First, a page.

Soy Sauce Made From Human Hair. It Actually Happened.

Sound too freaky to be true?  Think again.  It's just one of the many food safety scandals that has plagued China over the years.  From plastic rice pellets to tainted infant formula, safety doesn't exactly register as a priority when we think of China's food supply.

I suppose someone, somewhere, is starting to care. 

Just yesterday, China's revamped Food Safety Law (FSL) went into effect.  The amendments to the previous FSL were passed this past April, making significant changes for the first time in six years.  The new law is intended to "clean up China's entire food supply - banning highly toxic pesticides, regulating food labelling and, importantly, increasing punishments for those who violate China's existing laws. There's a new burden of responsibility placed on everyone who handles food - from farms and fields to restaurants and food stalls."

The legislation is enforced by the China Food and Drug Administration (CFDA) and if found in violation, companies will be "restricted in terms of future loans, taxation, bidding and land use. Another new facet of the law is that rewards will be increased for those who blow the whistle on food safety violations within China’s borders. There will also be more supervision of food sold online. To raise public awareness, high profile food safety cases might be publicized on live TV."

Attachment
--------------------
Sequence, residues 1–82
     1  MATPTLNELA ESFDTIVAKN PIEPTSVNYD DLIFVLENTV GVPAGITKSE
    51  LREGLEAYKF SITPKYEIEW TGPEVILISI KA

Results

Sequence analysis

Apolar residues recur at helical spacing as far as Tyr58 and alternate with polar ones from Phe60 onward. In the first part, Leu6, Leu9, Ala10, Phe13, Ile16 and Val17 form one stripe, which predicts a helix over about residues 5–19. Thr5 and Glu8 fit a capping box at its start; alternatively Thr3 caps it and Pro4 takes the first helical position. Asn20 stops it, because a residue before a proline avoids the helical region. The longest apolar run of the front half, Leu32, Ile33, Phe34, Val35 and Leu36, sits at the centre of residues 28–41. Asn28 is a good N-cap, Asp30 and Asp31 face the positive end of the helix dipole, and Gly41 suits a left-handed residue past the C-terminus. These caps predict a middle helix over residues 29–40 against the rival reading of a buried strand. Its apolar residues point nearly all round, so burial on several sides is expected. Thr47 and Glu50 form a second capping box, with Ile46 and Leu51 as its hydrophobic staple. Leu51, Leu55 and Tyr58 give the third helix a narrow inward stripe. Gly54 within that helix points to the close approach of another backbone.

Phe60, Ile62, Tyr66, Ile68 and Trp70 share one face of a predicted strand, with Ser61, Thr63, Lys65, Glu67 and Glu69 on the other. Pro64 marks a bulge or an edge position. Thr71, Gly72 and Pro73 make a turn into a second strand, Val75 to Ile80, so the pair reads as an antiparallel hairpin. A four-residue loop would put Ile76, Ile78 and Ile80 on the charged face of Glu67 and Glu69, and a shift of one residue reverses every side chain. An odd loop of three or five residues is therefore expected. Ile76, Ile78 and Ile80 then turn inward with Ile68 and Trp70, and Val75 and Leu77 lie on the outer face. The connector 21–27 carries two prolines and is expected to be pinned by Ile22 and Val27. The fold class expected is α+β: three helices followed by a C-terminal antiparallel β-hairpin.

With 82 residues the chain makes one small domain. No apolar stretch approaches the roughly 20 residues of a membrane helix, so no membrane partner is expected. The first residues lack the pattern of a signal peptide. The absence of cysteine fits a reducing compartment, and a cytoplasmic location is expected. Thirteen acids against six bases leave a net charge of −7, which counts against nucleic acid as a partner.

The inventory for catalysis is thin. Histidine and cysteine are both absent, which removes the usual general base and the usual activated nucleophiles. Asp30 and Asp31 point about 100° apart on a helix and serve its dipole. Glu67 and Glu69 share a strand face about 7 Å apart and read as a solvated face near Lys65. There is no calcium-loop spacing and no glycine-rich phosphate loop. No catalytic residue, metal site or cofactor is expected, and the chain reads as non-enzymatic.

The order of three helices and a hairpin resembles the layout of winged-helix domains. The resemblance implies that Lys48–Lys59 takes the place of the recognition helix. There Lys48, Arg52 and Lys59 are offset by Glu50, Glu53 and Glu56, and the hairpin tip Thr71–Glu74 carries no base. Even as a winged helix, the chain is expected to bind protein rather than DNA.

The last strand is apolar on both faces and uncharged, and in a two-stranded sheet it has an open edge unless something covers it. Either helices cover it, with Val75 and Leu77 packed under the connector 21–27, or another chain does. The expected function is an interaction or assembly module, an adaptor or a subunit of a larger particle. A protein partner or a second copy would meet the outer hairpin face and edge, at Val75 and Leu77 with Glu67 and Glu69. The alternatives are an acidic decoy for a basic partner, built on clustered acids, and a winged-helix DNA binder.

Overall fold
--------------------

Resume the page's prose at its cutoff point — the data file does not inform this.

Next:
For a complete rundown of the law and its changes, see here.

It appears as though the Chinese consumer will more than welcome these changes, as many who can have opted for either organic or imported options.  It might also help trade relations, too, as the U.S. is no stranger to putting the red light on Chinese goods. 

But like so many new laws and policies we discuss, time will tell.  There remain many skeptics, and some who feel that China's vast size and large number of farmers will make policing these changes more than a little challenging.  Let's hope this law is enforced, and does more than live within the confines of the CFDA.